My degree program is in College Teaching and Learning. I have found it to be very interesting how little educational training has been given to most history instructors at the college level. This is starting to change a bit, but still most history instructors do not have any experience teaching. They tend to emulate those who taught them. The result is a continuing dependency upon lecture which has a pretty low transfer of knowledge capability compared to other teaching methods.

    I am not happy with history education in the US, but there are some pretty solid efforts underway that I think are promising in changing this dilemma. The problem is that we have way too many dinosaur type instructors that dislike change and it is going to take some time to weed them out in favor of instructors who have educational training and have studied how students learn.

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  • Why is history taught in schools? There are very many possible reasons for studying history, and which ones are considered most important must determine what is taught and how.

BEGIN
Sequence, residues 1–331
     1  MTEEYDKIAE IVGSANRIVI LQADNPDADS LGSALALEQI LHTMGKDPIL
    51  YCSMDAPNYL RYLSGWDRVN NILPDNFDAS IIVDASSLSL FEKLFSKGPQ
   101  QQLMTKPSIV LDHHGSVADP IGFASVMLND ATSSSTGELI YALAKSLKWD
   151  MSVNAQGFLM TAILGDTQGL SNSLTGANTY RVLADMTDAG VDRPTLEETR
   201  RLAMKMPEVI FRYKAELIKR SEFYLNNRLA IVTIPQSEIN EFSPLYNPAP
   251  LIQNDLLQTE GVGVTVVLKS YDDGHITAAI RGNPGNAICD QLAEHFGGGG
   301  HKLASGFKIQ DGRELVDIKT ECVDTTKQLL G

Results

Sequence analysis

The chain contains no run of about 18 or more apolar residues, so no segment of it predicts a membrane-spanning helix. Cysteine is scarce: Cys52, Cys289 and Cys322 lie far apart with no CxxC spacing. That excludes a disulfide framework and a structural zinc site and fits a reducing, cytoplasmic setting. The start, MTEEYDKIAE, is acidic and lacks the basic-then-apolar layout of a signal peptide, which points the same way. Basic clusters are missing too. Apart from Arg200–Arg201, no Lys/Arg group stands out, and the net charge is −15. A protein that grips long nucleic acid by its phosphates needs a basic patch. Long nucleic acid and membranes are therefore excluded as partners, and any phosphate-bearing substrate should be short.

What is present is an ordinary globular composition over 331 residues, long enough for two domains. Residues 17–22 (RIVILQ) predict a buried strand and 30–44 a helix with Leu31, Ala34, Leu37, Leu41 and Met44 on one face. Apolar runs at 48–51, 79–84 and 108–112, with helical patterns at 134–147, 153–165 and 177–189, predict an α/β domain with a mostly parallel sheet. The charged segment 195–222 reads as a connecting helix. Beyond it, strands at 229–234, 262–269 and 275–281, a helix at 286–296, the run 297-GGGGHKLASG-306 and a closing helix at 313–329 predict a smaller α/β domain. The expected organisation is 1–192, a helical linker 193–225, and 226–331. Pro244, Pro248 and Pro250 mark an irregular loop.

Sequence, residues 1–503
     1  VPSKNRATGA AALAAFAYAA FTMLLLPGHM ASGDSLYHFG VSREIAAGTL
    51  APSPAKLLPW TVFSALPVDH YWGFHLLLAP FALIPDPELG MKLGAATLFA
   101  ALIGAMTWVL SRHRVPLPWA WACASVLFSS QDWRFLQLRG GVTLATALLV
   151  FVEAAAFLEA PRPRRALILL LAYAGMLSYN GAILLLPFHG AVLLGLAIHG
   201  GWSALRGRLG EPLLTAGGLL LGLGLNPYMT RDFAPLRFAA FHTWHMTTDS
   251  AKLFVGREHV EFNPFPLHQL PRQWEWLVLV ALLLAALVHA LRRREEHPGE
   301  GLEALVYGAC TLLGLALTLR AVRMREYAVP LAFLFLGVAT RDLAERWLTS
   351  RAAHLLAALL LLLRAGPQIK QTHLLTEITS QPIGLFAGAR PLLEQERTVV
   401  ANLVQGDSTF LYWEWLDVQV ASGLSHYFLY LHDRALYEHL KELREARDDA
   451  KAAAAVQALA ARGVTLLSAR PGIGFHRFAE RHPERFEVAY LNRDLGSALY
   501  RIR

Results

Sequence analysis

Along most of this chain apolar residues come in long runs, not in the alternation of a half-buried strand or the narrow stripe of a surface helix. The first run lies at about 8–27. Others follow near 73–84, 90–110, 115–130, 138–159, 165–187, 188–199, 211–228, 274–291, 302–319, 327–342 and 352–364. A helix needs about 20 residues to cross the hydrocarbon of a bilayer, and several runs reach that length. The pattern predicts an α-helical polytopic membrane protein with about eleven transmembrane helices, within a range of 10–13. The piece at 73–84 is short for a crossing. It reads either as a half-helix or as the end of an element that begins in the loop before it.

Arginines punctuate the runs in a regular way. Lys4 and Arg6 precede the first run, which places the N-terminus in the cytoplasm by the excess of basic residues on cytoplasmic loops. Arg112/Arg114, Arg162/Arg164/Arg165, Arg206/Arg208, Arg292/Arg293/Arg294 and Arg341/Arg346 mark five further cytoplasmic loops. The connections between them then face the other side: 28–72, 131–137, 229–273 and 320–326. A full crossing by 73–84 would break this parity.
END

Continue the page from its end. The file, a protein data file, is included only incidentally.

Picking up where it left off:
One example is to learn something of how the world is run. That’s fairly easily met. I’ve never found it necessary to fundamentally change the understanding I got from learning about the English Enclosure Acts of the 18th Century at age 15.
    Another is to have some idea of how the present situation arose. In both the US and the UK slavery needs to be given a high profile, and I think that’s significantly improved over the last few decades in the UK.
    Another is to have some resistance to the flood of lies about particular historical issues that is always being put out by various interests. You’re doing great work on that front, Kevin.
    Another is to derive understandings of the present from the past. For example, the Tower of London was built by the Norman conquerors to overawe the Londoners and show them who was boss. It occurred to me while looking at the London skyline that the grotesque towers of the financial corporations have a similar purpose: they are the 21st century conquerors.